Quick Summary

This blog post will delve into the detailed comparison between TypeScript Type vs Interface. Also, we will take a look at the specific use cases of Typescript Interface vs Type to help you gain insight and make the right choice for your next business application development project in 2024.

Table of Contents

Introduction

Comparing TypeScript Type vs Interface, we can infer that both serve different purposes in TypeScript, influencing code clarity and flexibility. While Interfaces define the object shapes, Type Aliases create reusable type declarations. The Type Aliases support the union and intersection types, making them more expressive. Also, TypeAliases can help simplify complex types, improve readability, and more. Understanding the difference between TypeScript Type vs Interface helps developers choose the ideal option for their business application development based on their development needs and requirements.

TypeScript Interface vs Type - Basic Syntax And Extending Types

Basic Syntax - Type Aliases

The Type Aliases are created using the type keyword in TypeScript. They enable your development teams to define custom types by combining the existing types or creating new ones. The syntax for declaring a Type Alias involves mentioning the Alias name and the Type it represents. Generally, it is common to use capital letters for the first letter of the Type Alias name. To make it concise, the developers often use single uppercase letters, such as ‘T’ for generics.

Example – Type Alias

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type TUserProps = {
  name: string;
  age: number;
};

Basic Syntax - Interfaces

Interfaces are defined using the keyword interface in TypeScript. They offer a way to declare custom types precisely for object shapes and contracts. The syntax here involves specifying the interface name and defining the structure of the type. Within Interfaces, it is common to use a capital letter for the first letter of the Interface name. Also, developers often use the ‘I’ as a prefix in the context of class names or object-like structures.

Example – Interface

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interface IUserProps {
  name: string;
  age: number;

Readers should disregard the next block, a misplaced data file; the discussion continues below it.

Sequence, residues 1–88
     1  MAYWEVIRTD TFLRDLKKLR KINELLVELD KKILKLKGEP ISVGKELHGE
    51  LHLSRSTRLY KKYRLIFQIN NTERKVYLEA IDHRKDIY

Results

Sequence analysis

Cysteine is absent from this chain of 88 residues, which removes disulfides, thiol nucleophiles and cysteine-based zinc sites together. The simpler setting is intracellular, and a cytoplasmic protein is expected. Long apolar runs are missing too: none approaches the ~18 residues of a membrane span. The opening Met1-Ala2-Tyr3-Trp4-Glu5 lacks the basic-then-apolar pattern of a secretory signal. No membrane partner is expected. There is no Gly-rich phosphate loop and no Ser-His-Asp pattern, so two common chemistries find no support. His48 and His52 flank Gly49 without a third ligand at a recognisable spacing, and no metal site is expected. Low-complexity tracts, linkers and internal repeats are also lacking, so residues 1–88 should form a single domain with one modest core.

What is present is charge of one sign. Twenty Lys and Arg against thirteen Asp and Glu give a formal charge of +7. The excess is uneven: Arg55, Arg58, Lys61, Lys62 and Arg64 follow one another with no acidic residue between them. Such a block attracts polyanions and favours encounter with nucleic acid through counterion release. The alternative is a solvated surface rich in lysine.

}

Extending Types - Type Aliases

Type Aliases use the (&) (ampersand) operator to combine multiple existing types, creating a new type. Referring to the example below, the ‘BusProps’ type is created by intersecting ‘VehicleProps’ and an additional type ‘company’ using ‘&’. This resulted in ‘BusProps’ including all properties from ‘VehicleProps’ and ‘company’.

Example – Type Alias

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type VehicleProps = {
  name: string;
  registrationYear: number;
};
type BusProps = VehicleProps & {
  company: string;
};

Extending Types - Interfaces

The interfaces use the ‘extends’ keyword to declare extension or inheritance, allowing the creation of new interfaces that inherit properties from existing ones. Referring to the example below, the BusProps interface is declared by extending both the VehicleProps and the extra type ‘company’ using the extends keyword. The BusProps interface inherits properties from both the VehicleProps and ‘company’.

Example – Interface

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interface VehicleProps {
  name: string;
  registrationYear: number;
}
interface BusProps extends VehicleProps {
  company: string;
}

Describing Objects and Base Types - Type Aliases vs Interfaces

Comparing TypeScript Interface vs Type, the Type Aliases can help describe a wide range of types, including primitive values (string, number, boolean), allowing for versatility in type definitions.

Example – Describing Primitive Values Using Type Alias

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type Name = string;
const name: Name = "Bacancy";

Interfaces, however, are primarily designed to describe object shapes and are limited to doing so. Therefore, they cannot directly describe the primitive types.

Example – Interface Can Only Describe Objects

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interface Name {
    name: string;
}
const address: Name ={
    name: "Bacancy"
}

Consistency and Readability - Interface vs Type TypeScript

The Type Aliases offer a consistent way to define the types with a simple syntax using the type keyword. This clean and concise syntax improves code readability, making it easier for your development teams to understand and maintain.

Example – Type Alias

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type Employee = {
    id: number;
    name: string;
  };

  type Address = {
    city: string;
    zipCode: string;
  };

  type EmployeeWithAddress = Employee & Address;

  // Usage
  const employee: EmployeeWithAddress = {
    id: 1,
    name: "Bacancy",
    city: "San Diego",
    zipCode: "91945",
  };